Silicone molded keypads made at SiTECH are used in countless devices from aviation equipment to medical devices. These devices all have different requirements which require specific key types to be used. Below is a diagram showing the different key types typically used on our customers silicone rubber keypads.
Most of these key types do not provide a tactile feel or “snap” of the rubber. The two Diaphragm type keys do provide a tactile feel which is further explained in the Diaphragms portion of this design guide. For the other types, it is recommended to use a metal dome for a tactile response.
Metal domes are the new standard for switch contacts. Previously, carbon pills were the standard for switch contacts, which while they are still being used, do not provide a tactile response with certain key types. This drastically decreased the number of key types that were able to be used on a tactile silicone rubber keypad. The utilization of metal domes has significantly increased the key types that are able to be used on silicone keypads. This is because the dome itself is the source of the tactile feedback and shorting switch.
Actuation Force: The force required to collapse the web of a rubber keypad in conjunction with polydome, metal dome, mechanical switch or rubber only.
Air Channel: Air path(s) on the bottom of rubber keypads that allows for air passage when rubber is depressed.
Alignment Hole: Through hole in rubber keypad that is used to position keypad in enclosure.
Base Matte: Silicone sheet material that joins all keys on a rubber keypad. Also known as mat.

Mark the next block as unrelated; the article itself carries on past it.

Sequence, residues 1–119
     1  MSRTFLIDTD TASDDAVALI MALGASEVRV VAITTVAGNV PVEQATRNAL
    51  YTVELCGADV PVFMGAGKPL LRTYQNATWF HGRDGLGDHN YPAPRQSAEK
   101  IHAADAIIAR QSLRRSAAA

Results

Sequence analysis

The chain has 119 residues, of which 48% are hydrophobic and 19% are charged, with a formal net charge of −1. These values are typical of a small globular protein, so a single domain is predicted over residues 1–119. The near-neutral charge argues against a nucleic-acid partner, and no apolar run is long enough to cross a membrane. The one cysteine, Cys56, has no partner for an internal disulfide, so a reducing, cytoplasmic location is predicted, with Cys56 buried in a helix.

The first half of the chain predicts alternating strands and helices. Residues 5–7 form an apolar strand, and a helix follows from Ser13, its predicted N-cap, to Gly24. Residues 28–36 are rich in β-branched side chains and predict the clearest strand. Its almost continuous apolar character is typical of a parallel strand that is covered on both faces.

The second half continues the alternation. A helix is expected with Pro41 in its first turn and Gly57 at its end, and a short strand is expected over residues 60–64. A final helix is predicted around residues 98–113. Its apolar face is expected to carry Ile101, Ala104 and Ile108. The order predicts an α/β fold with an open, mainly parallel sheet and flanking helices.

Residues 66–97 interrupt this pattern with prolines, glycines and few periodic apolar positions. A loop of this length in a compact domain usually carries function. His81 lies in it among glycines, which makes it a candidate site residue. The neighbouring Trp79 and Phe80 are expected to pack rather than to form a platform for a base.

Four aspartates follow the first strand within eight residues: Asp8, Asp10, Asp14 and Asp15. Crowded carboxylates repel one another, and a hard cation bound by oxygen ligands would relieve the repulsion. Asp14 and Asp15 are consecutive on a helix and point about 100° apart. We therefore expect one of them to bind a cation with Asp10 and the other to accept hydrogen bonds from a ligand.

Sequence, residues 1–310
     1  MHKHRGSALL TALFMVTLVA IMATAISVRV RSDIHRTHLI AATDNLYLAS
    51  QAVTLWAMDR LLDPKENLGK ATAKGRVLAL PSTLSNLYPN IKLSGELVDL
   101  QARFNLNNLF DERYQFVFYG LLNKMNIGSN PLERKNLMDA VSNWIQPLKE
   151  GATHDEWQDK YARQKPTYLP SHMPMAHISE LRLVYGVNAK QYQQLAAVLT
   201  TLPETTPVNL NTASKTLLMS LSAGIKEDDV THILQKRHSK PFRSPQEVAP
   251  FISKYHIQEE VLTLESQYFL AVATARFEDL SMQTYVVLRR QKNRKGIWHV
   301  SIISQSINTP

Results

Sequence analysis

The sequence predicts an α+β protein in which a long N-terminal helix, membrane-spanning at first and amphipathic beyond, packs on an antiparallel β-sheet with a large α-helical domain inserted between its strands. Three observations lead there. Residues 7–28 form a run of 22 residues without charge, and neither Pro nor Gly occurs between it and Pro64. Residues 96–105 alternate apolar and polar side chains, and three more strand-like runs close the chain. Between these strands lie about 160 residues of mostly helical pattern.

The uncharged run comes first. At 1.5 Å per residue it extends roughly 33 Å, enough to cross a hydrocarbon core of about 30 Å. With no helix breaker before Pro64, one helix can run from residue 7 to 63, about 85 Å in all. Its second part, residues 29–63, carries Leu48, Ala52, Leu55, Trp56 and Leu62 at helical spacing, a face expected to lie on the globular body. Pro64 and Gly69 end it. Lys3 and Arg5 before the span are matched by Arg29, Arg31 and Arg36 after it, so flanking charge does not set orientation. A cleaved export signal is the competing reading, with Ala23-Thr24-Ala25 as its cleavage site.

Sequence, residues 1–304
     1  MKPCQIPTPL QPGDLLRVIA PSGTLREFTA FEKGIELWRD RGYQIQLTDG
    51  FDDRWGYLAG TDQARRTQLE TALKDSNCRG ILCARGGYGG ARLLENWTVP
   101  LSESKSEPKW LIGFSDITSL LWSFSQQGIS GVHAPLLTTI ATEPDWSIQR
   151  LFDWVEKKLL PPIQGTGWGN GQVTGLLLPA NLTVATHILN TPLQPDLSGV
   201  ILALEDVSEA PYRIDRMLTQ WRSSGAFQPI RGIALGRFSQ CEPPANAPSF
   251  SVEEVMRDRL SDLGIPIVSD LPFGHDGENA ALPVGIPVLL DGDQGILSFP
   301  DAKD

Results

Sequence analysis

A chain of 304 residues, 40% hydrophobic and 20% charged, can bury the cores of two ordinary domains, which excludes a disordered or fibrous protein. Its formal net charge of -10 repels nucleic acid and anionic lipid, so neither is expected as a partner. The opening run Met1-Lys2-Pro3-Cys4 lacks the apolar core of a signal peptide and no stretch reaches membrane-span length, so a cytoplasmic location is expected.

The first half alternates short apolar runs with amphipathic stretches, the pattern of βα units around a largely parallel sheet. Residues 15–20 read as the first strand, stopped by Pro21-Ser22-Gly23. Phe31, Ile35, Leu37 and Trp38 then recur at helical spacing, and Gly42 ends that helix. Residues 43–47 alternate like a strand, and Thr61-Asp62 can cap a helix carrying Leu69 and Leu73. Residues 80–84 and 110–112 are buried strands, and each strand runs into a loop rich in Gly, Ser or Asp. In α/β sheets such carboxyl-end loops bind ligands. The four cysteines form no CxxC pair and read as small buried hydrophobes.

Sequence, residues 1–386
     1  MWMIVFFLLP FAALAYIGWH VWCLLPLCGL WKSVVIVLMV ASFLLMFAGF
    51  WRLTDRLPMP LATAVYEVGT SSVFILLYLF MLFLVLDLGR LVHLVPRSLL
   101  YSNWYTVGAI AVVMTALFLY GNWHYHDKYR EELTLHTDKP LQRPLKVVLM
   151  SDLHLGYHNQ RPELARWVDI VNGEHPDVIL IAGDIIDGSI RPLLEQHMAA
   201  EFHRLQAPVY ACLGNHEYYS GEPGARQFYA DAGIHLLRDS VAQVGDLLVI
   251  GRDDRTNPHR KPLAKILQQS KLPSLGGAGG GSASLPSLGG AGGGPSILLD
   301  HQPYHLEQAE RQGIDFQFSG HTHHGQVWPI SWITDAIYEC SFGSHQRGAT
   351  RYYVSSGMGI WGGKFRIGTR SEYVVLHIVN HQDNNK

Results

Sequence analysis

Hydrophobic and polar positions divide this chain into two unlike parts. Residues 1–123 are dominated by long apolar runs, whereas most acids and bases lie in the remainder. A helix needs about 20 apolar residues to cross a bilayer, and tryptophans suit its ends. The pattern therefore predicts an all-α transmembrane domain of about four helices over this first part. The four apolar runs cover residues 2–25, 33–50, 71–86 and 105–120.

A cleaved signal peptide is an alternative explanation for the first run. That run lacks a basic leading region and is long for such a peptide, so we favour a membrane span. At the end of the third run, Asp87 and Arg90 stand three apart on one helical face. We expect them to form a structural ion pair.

Bezel: The faceplate or cover, typically plastic or metal, used to secure a keypad to a printed circuit board or switch.
Bosses: Small posts used for positive alignment of rubber keypad in bezels or assemblies.
Compression Set: The measurement of a material’s ability to recover its original size and shape after compression under prescribed conditions.
Conductive Rubber: Silicone keypad impregnated/coated with conductive material.
Color Matching: The visual and electronic analysis of a mixed silicone rubber material compared to a supplied color sample.
Diaphragm / Web: The thin hinged area that permits a rubber key to flex.
Durometer: A measurement range of hardness for silicone rubber.
Key Height: The measured distance from the bottom of a keypad (base matte) to the top surface of a key.
Legend: Printed graphic (symbol, letter or number) on the top of the rubber surface.
Life: The number of actuations realized before the rubber diaphragm/web ruptures.
Reversed-Out Graphics: Graphics that allow rubber color or masking color to be seen through top surface printing on keypad.
Positive-image Graphics: Single or multi-color printing on top of key surface.
Stroke / Travel: Distance from the contact surface of a rubber part to a surface.
Swell: The increase in volume of rubber when in contact with petrochemicals for a determined period.
Tactile Feel: The response of rubber while depressing. For tactile rubber keypads, it is a critical function of the diaphragm web geometry.
Tear Strength: The tear strength is a measure of the resistance of rubber to tear forces. The tear strength is calculated by dividing the maximum force load by the thickness of the rubber.
Wear or abrasion resistance: The resistance of a particular ink or coating to manual wearing. The testing process is usually a Norman tester with the number of cycles legends can perform before wear is noticeable.